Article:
Tags: art of the deal | healthcare | obamacare | trump | medicare

Why There's No 'Art of the Deal' for Healthcare

Image: Why There's No 'Art of the Deal' for Healthcare
President Donald Trump stands in the Oval Office after speaking about trade at the White House March 31, 2017, in Washington, D.C. (Olivier Douliery-Pool/Getty Images)

By Michael Hurd
Monday, 03 Apr 2017 10:07 AM Current | Bio | Archive

On Sunday, President Trump tweeted, "Talks on Repealing and Replacing ObamaCare are, and have been, going on, and will continue until such time as a deal is hopefully struck."

But there’s a problem with deals: They’re worthless unless everyone agrees on the underlying terms. Imagine if a gunman held you up, demanding all your money. Would you try to negotiate how much he’ll get? Of course not. That’s not what he wants to hear.

When it comes to health care, there can be no deals unless we get rid of coercion. For example, non-seniors are forced to put money aside for old-age health insurance. In theory, it’s a savings account. In practice, because Medicare pays out way, way more than it takes in, the non-elderly finance the health care of the elderly. The program is fiscally unsustainable. Everyone knows it, but nobody will talk about it — not even the otherwise fearless Donald Trump.

It’s morally unsustainable too, because people eventually tire of coercion, and Medicare will reach that point. If you’re 50 or 60 now, look at today’s 20-somethings and ask yourself if they’ll be willing — and able — to finance your health care. Not likely, especially since the demand for Medicare 20 years from now will far outstrip anyone’s ability to pay for it. And frankly, why should they be willing? They’ve got enough problems with student loan debt and other issues created by the government.

President Trump is used to deals as they apply to willing parties in a business transaction, i.e., somebody wants to buy and somebody wants to sell. The art of the deal consists of reaching a mutually acceptable agreement among voluntary parties. In that realm, the president knows what he’s talking about. But in politics, aka, coercion — Medicare, Medicaid, and Obamacare — the terms are not voluntary. Participation is coerced. There’s no deal — art or otherwise — when you’re threatened with prison or fines for not participating!

If we’re ever to fix health care, we’ve got to phase out the coercion. This will not be easy. Making the case that the American people must learn to fend for ourselves in a deregulated and unfettered free market could be a hopeless task. But there is no other rational option.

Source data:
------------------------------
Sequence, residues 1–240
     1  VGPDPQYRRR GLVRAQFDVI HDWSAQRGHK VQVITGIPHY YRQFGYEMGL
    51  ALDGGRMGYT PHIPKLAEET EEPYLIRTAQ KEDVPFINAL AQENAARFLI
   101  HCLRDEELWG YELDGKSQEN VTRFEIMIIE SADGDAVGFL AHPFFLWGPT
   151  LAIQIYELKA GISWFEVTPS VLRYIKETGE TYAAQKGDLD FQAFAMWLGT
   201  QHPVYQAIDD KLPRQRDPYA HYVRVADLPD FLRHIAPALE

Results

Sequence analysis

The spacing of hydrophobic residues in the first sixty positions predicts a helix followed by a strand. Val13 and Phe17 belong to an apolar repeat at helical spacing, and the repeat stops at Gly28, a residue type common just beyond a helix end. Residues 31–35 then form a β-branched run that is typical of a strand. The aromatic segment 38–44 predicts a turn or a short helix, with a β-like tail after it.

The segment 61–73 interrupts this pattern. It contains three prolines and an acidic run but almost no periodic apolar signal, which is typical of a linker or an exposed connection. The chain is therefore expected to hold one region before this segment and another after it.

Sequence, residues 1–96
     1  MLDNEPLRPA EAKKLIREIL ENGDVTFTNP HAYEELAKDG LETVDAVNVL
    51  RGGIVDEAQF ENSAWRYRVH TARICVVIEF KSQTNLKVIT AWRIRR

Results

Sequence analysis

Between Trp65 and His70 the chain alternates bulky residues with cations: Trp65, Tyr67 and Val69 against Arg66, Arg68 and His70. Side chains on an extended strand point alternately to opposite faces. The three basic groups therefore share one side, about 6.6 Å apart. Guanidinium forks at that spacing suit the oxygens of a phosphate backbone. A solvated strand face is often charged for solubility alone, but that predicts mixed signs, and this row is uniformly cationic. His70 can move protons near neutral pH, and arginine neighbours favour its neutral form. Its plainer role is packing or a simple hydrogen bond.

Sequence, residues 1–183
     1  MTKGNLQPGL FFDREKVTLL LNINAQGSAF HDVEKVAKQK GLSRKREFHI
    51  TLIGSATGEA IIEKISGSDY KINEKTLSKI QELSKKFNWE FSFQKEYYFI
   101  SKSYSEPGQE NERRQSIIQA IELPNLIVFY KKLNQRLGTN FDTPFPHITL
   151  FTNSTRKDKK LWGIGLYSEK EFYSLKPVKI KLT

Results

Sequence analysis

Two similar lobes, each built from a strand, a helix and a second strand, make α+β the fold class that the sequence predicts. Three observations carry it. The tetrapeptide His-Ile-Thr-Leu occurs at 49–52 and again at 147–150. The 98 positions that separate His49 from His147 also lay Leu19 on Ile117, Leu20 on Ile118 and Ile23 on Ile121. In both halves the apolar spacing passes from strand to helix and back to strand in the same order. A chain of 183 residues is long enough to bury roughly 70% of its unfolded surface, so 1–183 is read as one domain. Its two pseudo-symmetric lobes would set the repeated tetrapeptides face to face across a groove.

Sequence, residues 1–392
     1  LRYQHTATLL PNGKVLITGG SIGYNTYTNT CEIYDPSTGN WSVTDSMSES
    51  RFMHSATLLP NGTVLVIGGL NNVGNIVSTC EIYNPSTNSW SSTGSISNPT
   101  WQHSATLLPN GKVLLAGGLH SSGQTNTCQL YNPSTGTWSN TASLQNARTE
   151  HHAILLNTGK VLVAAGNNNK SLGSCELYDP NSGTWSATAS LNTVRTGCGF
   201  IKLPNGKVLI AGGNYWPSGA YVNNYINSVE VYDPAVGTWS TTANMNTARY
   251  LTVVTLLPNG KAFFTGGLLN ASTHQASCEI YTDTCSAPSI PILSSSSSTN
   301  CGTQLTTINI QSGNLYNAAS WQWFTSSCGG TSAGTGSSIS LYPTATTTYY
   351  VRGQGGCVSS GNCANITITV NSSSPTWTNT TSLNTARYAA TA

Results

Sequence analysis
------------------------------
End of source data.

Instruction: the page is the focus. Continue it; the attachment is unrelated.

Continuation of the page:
Another example: Nearly everyone agrees it’s the government’s job to outlaw pre-existing conditions. Probably even the Freedom Caucus agrees. But this is no different than the federal government demanding that auto insurance companies sell insurance to people who’ve already had an auto accident. When that happens, it’s no longer auto insurance; it’s nothing more than a(nother) federally run program, exactly like Obamacare. But nobody wants to repeal the worst part of Obamacare, the pre-existing condition requirement.

Because our assumptions dictate conditions that could never happen in a truly free market, we’re going to end up with single-payer health care. In this respect, Democrats are more consistent as they flatly say, "Insuring people is the job of government. Single-payer is the best option." That’s why Bernie Sanders’ approach will absolutely be in the Democratic Party’s 2020 platform. There’s no other option left.

Republicans, on the other hand, want it both ways. They try to claim, "Insuring people is the job of the federal government. But … we should also have a free market." Yet in a free market, government does not take responsibility for insuring people. People are responsible for figuring that out on their own. In a free market, many more options and price ranges would be available. The ability to purchase insurance or health care across state lines would be the least of it. (Congress can’t even manage to pass that minor reform.) Doctors and hospitals would innovate and economize to meet the needs of their customers, rather than to comply with the bureaucratic whims of a hapless government.

We can’t even imagine what a free market would look like, were it permitted to exist in the United States. It would be infinitely superior to what we have now. And charity would function much better in order to help those who had no other option.

The best thing government can do is get the hell out of the way of health care. Tragically, neither Donald Trump, the Republicans nor their outright socialist Democratic adversaries will permit it. Free and unfettered health care has no friends in Washington, D.C.

Sorry, President Trump. This isn’t real estate. Until or unless we get coercion out of health care, there will be no art of the deal or anything close to it.

Michael J. Hurd, Ph.D., LCSW is a psychotherapist and author with a private practice in coastal Delaware. He is the author of “Bad Therapy, Good Therapy (and How to Tell the Difference).” For more of his reports, Go Here Now.

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MichaelHurd
When it comes to health care, there can be no deals unless we get rid of coercion.
art of the deal, healthcare, obamacare, trump, medicare
792
2017-07-03
 

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